Java jive

1 12 2008

Bit by bit. I keep forgetting that, but it’s bit by bit that one’s life settles into the ground.

I was in GradCity for over a decade (w/a year’s interlude in SouthwesternTown), and didn’t really notice how much I adapted to that city until long after I left it. The bus routes. The running and bike routes. This restaurant and that diner and the coffee shop on the corner and bourgie co-op and the militant co-op and the hidden beach with the nudists and the punks and the families and the men in suits (really!). My loop of used bookstores (starting at the cheapest one first, of course) and cd shops. The old Nat and the new (hated because new and then Oh My God It’s Fantastic!) pool and gym. The cheap movie houses and the really good-not-horribly-expensive theatre and the dive bars and wine bars and bars for groups and bars for couples. Mexican and Thai and Caribbean and Vietnamese and American soul and American diner food.

And friends. Pla and Pl and Pt and J and C and D and K and I and L and T and S and C and Js and R and Jn and god, I must be forgetting some.

Nostalgia? Not really. I didn’t like GradCity at all. Okay, my last two years there weren’t bad, especially since I had finished my dissertation and was lecturing or post-docking, but I used to complain (LOUDLY) of how much I despised the place.

But I had a life there. Bit by bit, I put together a life there. And now I live in a city which drives me around a freakin’ bend but where I really really (mostly) really want to make my home, and I haven’t yet figured out (switch to rock climbing metaphor) where are the cracks and footholds. Why not? Because I’ve been so busy trying to live in the entire freakin’ city that I’ve forgotten that I live in it in pieces.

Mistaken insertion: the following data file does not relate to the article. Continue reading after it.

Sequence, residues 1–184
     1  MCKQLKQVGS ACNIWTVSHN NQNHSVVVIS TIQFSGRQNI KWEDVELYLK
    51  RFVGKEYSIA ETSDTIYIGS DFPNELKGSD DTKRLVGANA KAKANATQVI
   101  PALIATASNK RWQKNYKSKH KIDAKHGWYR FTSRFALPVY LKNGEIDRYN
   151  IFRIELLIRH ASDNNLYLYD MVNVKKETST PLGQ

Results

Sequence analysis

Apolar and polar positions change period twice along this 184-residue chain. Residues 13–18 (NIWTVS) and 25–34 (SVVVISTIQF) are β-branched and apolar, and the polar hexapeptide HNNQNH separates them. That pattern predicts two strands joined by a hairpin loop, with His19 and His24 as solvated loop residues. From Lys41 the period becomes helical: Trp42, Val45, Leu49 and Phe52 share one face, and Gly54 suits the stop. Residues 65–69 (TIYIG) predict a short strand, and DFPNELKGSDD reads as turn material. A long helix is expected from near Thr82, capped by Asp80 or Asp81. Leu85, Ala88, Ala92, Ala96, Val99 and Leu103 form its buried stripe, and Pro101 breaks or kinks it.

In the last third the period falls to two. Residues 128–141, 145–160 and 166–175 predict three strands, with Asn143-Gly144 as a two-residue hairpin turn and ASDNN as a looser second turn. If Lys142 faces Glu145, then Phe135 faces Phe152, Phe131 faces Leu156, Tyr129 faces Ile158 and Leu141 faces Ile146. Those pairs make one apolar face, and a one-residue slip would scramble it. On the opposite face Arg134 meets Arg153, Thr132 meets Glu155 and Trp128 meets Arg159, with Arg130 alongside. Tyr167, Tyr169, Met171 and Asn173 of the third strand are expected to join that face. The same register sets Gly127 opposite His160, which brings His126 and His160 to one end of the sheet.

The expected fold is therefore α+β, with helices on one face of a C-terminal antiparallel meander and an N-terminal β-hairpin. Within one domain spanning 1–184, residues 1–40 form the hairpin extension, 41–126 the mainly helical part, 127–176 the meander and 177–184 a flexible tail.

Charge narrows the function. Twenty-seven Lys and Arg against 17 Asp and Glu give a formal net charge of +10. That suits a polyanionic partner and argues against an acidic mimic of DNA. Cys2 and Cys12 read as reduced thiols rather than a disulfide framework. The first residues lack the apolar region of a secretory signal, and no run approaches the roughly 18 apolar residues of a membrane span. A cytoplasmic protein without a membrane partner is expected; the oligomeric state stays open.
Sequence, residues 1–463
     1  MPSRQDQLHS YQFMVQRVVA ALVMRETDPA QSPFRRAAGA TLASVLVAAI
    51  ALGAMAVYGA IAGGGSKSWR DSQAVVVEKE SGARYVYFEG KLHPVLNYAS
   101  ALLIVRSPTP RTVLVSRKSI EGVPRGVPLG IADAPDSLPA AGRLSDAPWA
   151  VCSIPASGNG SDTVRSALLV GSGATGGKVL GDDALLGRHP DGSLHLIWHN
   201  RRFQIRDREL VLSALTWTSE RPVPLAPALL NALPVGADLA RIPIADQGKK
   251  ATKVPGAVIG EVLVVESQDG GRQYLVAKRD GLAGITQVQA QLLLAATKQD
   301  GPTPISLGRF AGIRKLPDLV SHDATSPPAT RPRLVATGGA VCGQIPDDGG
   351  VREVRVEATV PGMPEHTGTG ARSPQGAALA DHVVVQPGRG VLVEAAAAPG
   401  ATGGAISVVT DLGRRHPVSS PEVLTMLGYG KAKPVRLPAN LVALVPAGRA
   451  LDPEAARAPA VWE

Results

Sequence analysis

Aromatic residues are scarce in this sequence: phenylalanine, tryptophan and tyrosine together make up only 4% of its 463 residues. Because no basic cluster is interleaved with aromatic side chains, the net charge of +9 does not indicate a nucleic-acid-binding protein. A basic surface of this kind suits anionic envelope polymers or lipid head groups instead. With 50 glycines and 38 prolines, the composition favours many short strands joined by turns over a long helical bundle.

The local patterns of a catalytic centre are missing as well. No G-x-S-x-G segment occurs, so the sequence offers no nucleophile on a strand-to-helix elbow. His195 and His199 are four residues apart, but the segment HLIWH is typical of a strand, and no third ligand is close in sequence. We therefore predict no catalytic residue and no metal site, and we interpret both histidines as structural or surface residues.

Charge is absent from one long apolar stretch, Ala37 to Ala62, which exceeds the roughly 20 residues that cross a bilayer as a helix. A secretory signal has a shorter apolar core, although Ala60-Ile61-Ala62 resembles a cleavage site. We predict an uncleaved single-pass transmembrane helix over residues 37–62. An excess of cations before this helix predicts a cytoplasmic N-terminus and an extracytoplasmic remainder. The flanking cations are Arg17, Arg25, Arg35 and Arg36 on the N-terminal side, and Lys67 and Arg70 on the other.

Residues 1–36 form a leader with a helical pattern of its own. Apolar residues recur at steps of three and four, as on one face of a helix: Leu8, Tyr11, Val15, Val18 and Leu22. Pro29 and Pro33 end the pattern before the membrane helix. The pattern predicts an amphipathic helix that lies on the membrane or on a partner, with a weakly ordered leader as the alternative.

I have tried forcing things, eagerly looking for ‘my’ cafe or park or neighborhood, but these things can’t be forced; they have to come on their own. They come when I go back to a cafe or shop or neighborhood because I’m drawn there—when the place catches on me, rather than me trying to grab on to it.

When I was a teenager my family travelled to New York on vacation, and in the midst of one of those scarifying bus tours (‘Look to the left, people, look to the left. If you don’t look to the left you won’t see it.’), we stopped at this amazing Episcopal church. I remember poking around and glimpsing, through a door, this stoneyard out back. A stoneyard! All of a sudden, the guide’s comments about this church being a work-in-progress slid into a literal, concrete, reality. This old craft in this becoming-building in New York City.

I remembered that when I moved to New York, and on a both very good and very bad day I took the train up to the Cathedral Church of St. John the Divine and rested in this large, still, space.

There’s more to be said about that, but I mention it because that’s one piece. (I have also tried forcing a relationship with this place as well—that’s a part of the more-to-be-said—but St. John’s stays with me, regardless.)

And there is another piece, as well, a coffee shop I found courtesy of Rod Dreher at CrunchyCon, where I can buy my dark roast free trade coffee—Porto Rico, on Bleeker just off W 3rd. It sounds dumb—why not just buy Paul Newman’s coffee at Target?—but I love the act of making these people, in this place, a part of my life.Yeah, it’s a wee out of my way, work-wise, but why let the work commute dictate all? Plans, and all that. . . .

Bit by prosaic bit. The poetry rises out of this.




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